But Martin, turning to his young daughter, insisted his goal is to get off the streets.
"My daughter isn't even 3 years old, but they're calling her a criminal because she's sleeping on the sidewalk," he said.
In the meantime, safety and access remain an issue for both those who visit and work in the area.
Anjuan Simmons, a software project manager from Texas, said he found it "disconcerting" when he and his family saw a homeless encampment outside the discovery center during a visit in May. Simmons said he and his wife thought about driving away but decided to go inside anyway -- only to discover fun activities and an atmosphere that was clean and organized -- unlike the sidewalks outside.
Liane Usher, president of the Hawaii Children's Discovery Center, would not say anything about the homeless situation, saying the center's board decided the topic was too hot to comment.
Late last month, the Burns School of Medicine noted the recent rise in the homeless population in an email message to the campus community.
Elwyn Watkins, the school's building and security systems engineer, described a few incidents in which individuals were approached by homeless folks. He cautioned students, faculty and staff to be more vigilant for their own personal safety and urged them to call for help if they feel threatened.
"If someone is accosted or hurt by someone else, the police need to know about it in order to take appropriate actions," Watkins wrote. "Nothing can be done if everyone only talks amongst each other and no one reports it. Non-reporting only leads our community leaders to believe there is no problem."
Next door, the cancer center held a safety seminar in March featuring speakers from the Honolulu Police Department, UH-Manoa campus security and the cancer center discussing crime prevention tips and good safety practices.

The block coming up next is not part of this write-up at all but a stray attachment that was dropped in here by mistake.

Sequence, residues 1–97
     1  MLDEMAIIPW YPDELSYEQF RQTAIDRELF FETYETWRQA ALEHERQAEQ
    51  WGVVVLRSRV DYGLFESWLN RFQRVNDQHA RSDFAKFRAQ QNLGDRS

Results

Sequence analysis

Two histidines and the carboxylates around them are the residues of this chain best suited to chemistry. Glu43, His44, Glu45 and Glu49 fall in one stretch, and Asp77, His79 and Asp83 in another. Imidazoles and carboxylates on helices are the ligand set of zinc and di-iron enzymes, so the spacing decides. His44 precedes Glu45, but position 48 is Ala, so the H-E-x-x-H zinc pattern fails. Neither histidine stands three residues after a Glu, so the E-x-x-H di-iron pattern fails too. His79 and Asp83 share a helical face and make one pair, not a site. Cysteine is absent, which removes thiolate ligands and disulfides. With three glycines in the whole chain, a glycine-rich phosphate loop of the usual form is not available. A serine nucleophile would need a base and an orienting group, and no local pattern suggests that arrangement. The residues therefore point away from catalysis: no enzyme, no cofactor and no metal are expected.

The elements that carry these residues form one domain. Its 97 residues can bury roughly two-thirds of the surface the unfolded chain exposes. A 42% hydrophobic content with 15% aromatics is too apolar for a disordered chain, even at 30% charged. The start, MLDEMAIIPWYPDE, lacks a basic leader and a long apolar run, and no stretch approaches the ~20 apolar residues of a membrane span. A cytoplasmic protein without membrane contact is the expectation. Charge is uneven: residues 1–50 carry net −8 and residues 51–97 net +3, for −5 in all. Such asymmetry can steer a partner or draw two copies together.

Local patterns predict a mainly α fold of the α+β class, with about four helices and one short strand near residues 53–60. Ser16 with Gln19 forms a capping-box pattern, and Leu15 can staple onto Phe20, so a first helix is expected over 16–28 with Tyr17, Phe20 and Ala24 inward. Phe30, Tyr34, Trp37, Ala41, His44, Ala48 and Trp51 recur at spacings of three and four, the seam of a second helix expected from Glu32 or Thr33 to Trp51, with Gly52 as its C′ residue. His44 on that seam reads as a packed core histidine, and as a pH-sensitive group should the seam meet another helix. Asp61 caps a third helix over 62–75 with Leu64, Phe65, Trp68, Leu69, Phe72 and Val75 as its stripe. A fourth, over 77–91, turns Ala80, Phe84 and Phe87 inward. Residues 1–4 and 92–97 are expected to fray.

"The cancer center has committed to hosting this seminar every year," center representative Stacy Wong said in a statement.
Both the medical school and the cancer center are offering security escorts to anyone who feels they need one.
Meanwhile, the HCDA last month renewed its annual $345,000 jobs training program for Kakaako homeless and created four new paid positions for homeless individuals working with Waikiki Health, which operates the Next Step shelter in the area.
Doi acknowledged that the program isn't going to end homelessness by itself. Rather, she said, it is only part of the solution.
Another effort by the agency, she said, is the possible creation of "activities" in the parks, which would generate "body heat" to discourage the homeless from taking over open spaces.
The HCDA is writing an environmental impact statement to determine the impact of various activities in Kakaako Makai, including the 30-acre Waterfront Park.
Some proposals for activities have included a volleyball academy and an art incubator. Previous ideas have included a surf museum, performing arts center, Hawaiian music and dance museum and farmers market.
"The proposal to reinvigorate the area with new activities would serve to increase foot traffic in the area and compassionately disturb the homeless and urge them to seek shelter elsewhere. In this way, we can take back the parks for public use and enjoyment," according to the agency's Kakaako Makai parks report.
The area is also the location of the proposed Obama Presidential Library. The 8 acres -- between the Hawaii Children's Discovery Center and Kakaako Waterfront Park -- is fenced off.
Those who have advocated for the Hawaii presidential library have said it would help revitalize the makai area.
Is there any chance the surrounding homelessness would be an obstacle to the presidential library?
Consider this: The proposed site of the University of Chicago, widely regarded as the front-runner to win the library, is in Chicago's South Side, largely considered the epicenter of gun violence in a city that saw more than 400 murders last year. Protesters in Chicago have urged the university to use its resources on a trauma center rather than a presidential library.